It was Elvis Costello from soup to nuts on Tuesday, the first of two nights at the Wiltern Theatre, where the veteran English singer-songwriter and his longtime keyboardist Steve Nieve performed an intimate concert spanning his more than 20-year career.
Often accompanying himself on guitar, Costello served up everything from the early B-side "Radio Sweetheart" to about half the tunes on Painted From Memory, his 1998 album with veteran composer Burt Bacharach, along with many in-between treats. Indeed, despite the lack of an orchestra, the two-hour-plus show recalled the sublimely bittersweet mood of Costello and Bacharach's Universal Amphitheatre concert last fall.
Crooning about romantic deception, encroaching mortality and creeping fascism, Costello was in even better voice, honing the music's emotional nuances and indulging in such theatrical flourishes as backing away from the microphone while singing the last few notes of a tune. The duo even performed its final number without amplification, and with the cooperation of the audience, Costello actually could be heard at the back of the balcony.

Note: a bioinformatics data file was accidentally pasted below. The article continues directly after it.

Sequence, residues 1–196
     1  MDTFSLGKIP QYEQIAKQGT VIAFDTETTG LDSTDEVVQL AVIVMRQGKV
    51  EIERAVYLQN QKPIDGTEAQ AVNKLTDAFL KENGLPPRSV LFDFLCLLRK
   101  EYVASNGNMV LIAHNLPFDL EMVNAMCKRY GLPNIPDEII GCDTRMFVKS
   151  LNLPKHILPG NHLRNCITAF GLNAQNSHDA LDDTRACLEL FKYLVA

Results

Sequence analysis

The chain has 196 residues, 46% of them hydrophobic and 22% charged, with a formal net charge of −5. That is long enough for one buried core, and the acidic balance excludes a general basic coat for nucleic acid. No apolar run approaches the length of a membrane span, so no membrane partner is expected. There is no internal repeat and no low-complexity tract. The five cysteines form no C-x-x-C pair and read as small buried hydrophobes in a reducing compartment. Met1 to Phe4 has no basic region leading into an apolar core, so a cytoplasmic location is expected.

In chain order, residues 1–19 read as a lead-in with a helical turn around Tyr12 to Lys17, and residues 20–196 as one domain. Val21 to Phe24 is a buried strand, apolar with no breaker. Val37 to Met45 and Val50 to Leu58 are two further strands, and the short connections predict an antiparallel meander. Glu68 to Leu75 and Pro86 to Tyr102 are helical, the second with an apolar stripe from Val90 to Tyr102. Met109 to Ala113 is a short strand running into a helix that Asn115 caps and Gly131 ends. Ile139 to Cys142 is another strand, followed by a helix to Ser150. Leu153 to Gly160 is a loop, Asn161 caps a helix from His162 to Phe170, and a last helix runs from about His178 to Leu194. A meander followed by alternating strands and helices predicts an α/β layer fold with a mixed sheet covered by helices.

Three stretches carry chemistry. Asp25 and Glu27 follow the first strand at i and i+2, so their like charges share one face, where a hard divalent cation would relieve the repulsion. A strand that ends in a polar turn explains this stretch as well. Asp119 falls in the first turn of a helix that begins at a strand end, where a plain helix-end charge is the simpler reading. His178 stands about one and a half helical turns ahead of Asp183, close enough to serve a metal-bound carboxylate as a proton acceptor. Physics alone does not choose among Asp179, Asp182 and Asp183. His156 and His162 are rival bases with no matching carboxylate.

This cozy setting showed off Costello's seemingly bottomless catalog of stellar material, while underscoring that even his early, more rocking songs were steeped in a classic pop sensibility. Yet no matter how much he softens such bilious classics as "Watching the Detectives," they haven't lost their bite.